Image of the Day

Specially curated
365 Days, 365 Images
of National/International

An Image a Day
Let us engage with this
Fascinating Medium that
Breaks all boundaries

Katre Vaa (Oh Wind, Come !!!) © RR Srinivasan
Katre Vaa (Oh Wind, Come !!!) © RR Srinivasan

RR Srinivasan

RR Srinivasan is an Indian photographer, film society activist, environmental activist, writer, and editor who has been actively involved in the film appreciation movement in Tamil Nadu through societies and alternative film journals. He emerged from the Kanchanai film society in Thirunelveli, which has played a key role in bringing serious cinema to the non-metropolitan audience. He has directed and produced several documentary movies on social issues, including 28 documentary films on folk art traditions in Tamil Nadu. His photographs have been exhibited in several exhibitions in India. He has to his credit a photobook on Narikuravas, a nomadic tribe in India.

His most significant role is as an activist – he raises his voice and resistance to every unfair act that affects the subaltern. Photography that way is a tool for him – not only to resist but also to highlight the lifestyles, rituals, and customs of the indigenous populations. He is one of the earliest photographers from Tamil Nadu to document the Tribal communities. His huge archive of photographs has an interesting collection of this region’s people and their lifestyle – much before homogenization and globalization started erasing our native footprints.

RR Srinivasan’s photographic works titled Masi Maham, the moon festival of five elements is a popular one. Irular, one of the primitive tribes of India, celebrates the Masi Maham festival on the seashore at Mamallapuram near Chennai in Tamil Nadu. The festival happens on the full moon day that aligns with the Magha star in the month of Masi as per the Tamil calendar (usually in March). The Irulars celebrate the festival in memory of their god Kanni Amman. They believe that Kanni Amman got angry with people, left their villages, and came to the seashore. During the festival, the tribals assemble at the shore and pray to Kanni Amman so that the god will return to their villages. RR has been following this festival for over 15 years. Masi Maham festival has a deep-rooted history going back several centuries. Their association with the coastal port town of Mamallapuram can be dated back to the pre-Pallava period before the seventh century CE.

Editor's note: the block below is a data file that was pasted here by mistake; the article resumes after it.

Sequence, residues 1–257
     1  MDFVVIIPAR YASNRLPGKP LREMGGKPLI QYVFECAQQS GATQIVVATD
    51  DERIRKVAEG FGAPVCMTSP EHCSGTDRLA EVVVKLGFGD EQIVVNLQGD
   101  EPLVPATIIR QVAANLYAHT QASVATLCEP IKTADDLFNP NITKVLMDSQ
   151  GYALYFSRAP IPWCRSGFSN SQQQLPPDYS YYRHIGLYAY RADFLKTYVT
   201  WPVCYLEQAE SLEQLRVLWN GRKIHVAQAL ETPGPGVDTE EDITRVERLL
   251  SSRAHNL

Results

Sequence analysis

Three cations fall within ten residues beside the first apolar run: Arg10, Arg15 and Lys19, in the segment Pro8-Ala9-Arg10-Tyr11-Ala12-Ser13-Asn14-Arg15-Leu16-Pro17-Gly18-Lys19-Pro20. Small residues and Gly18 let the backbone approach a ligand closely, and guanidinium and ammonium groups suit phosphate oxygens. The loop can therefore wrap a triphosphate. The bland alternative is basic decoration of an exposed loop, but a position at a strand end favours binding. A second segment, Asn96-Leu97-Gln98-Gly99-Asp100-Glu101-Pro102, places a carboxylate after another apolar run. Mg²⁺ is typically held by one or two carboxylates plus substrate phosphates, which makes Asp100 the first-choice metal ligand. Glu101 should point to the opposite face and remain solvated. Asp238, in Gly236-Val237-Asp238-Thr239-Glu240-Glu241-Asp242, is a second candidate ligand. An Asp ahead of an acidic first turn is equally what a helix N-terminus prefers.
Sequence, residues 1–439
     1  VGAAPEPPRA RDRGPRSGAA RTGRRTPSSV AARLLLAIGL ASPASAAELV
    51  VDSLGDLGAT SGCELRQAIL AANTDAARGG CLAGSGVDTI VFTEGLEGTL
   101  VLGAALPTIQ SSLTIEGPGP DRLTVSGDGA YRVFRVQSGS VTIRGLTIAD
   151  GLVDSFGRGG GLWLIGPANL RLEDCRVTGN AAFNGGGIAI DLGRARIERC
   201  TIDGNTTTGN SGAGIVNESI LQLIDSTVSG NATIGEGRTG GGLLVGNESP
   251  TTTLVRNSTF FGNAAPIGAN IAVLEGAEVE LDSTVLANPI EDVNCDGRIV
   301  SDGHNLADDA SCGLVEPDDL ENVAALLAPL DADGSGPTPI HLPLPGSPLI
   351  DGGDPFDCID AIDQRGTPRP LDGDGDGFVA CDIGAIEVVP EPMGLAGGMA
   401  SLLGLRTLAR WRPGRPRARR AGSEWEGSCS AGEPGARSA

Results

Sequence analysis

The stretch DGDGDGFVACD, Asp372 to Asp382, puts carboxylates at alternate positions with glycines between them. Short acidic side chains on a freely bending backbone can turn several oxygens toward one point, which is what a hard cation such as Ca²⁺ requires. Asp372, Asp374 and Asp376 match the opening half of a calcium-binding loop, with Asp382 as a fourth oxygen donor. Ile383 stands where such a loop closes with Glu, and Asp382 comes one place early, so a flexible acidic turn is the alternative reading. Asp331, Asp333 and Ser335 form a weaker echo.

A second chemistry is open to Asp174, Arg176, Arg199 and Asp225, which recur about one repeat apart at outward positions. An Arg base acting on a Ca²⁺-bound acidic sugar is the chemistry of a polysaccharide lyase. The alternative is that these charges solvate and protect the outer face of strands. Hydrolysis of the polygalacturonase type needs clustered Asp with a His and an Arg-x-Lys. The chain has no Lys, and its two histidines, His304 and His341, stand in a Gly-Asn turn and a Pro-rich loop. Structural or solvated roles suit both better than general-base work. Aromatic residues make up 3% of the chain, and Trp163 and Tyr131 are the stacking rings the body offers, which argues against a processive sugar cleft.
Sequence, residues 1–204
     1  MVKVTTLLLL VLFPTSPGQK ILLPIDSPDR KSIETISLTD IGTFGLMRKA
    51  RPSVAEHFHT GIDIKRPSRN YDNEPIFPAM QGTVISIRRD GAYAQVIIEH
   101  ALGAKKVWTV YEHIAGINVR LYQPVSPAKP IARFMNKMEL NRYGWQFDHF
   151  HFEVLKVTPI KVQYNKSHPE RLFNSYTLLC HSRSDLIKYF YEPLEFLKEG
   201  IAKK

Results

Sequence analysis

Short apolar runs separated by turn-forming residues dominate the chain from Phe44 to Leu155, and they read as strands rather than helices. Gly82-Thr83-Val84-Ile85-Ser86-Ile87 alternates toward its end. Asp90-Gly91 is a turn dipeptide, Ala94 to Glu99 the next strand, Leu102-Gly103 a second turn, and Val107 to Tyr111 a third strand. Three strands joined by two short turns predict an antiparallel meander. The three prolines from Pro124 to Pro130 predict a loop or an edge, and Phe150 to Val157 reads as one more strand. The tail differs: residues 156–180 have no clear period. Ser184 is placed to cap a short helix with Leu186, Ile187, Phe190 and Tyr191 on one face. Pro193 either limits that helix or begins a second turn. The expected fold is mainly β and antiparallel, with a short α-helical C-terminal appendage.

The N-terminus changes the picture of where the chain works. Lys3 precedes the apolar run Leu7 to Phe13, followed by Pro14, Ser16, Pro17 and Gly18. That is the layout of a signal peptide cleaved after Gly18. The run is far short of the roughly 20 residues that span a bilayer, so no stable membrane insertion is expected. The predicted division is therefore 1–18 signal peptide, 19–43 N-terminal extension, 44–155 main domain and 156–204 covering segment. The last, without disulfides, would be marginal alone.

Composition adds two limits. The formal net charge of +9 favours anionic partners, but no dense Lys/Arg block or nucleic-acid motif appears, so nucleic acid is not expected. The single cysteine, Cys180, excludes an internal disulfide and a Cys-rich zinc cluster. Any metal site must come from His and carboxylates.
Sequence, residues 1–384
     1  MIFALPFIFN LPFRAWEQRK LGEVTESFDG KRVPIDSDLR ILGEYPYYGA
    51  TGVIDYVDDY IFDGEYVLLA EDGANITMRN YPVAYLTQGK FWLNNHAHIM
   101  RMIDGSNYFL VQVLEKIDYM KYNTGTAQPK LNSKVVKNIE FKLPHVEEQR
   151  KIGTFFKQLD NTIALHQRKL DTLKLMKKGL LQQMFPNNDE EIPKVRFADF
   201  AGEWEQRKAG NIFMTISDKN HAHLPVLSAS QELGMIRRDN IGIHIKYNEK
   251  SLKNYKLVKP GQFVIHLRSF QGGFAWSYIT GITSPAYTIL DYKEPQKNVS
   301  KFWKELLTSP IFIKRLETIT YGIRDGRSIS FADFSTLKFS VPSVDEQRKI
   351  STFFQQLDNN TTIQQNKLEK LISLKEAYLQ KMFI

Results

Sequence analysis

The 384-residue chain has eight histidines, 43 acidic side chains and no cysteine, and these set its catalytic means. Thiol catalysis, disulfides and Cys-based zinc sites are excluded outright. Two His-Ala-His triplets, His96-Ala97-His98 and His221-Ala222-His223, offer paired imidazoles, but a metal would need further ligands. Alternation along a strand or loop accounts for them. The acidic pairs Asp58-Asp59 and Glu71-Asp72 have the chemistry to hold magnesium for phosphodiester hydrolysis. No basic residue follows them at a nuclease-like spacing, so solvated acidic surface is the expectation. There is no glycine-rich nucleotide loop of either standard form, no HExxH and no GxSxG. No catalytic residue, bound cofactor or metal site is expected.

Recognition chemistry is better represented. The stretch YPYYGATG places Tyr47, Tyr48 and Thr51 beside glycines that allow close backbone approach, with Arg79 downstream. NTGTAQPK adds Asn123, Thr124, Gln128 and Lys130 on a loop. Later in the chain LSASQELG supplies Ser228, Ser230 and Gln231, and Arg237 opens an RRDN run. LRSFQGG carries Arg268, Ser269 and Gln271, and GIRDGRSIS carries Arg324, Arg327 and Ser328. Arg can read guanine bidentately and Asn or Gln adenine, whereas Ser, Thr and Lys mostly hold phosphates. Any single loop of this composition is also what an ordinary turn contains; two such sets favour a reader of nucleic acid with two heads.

Katre Vaa is another body of work that captures the essence of the Tamil lifestyle in vibrant colors.

Published on January 16, 2021
See All Image of the Day | 365 days, 365 images


Home » Image of the day » Katre Vaa (Oh Wind, Come !!!) | RR Srinivasan

Related Posts

Herero people of Namibia | Jim Naughten

November 20th, 2021|

Jim Naughten is a British Photographer, who originates from Bonaire,  Central America. Born in 1969, Jim Naughten was predominantly influenced by the 1980s. The 1980s were a tumultuous period culturally, and were marked by growing global capitalism, global mass media, significant discrepancies in wealth, alongside a distinctive sense of music and fashion, epitomised by electronic pop music and hip hop. Artists growing up during this time were heavily influenced by this cultural environment.

Andy Warhol by Albert Watson, 1985

November 12th, 2021|

Albert Watson (born 1942) is a Scottish fashion, celebrity and art photographer. He has shot over 100 covers of Vogue and 40 covers of Rolling Stone magazine since the mid-1970s, and has created major advertising campaigns for clients such as Prada, Chanel and Levis. Watson has also taken some well-known photographs, from the portrait of Steve Jobs that appeared on the cover of his biography, a photo of Alfred Hitchcock holding a plucked goose, and a portrait of a nude Kate Moss taken on her 19th birthday.

Paul’s Legs by Peter Hujar, 1979 | Image of the day

October 25th, 2021|

Peter Hujar (1934 – 1987) was an American photographer best known for his black and white portraits. He has been recognized posthumously as a major American photographer of the late-twentieth century. His countless square format works are direct, yet rendered with evocative tonal contrasts enhanced through his meticulous darkroom process. Among his subjects are scenes of death, the margins of New York's nightlife, cityscapes, landscapes, and intimate pictures of close friends and lovers.

The House of the Ballenesque | Roger Ballen

September 29th, 2021|

Roger Ballen (born 1950) is an American artist living in Johannesburg, South Africa. He born in New York in 1950 but for over 30 years he has lived and worked in South Africa. His work as a geologist took him out into the countryside and led him to take up his camera and explore the hidden world of small South African towns. At first, he explored the empty streets in the glare of the midday sun but, once he had made the step of knocking on people’s doors, he discovered a world inside these houses which were to have a profound effect on his work.

Go to Top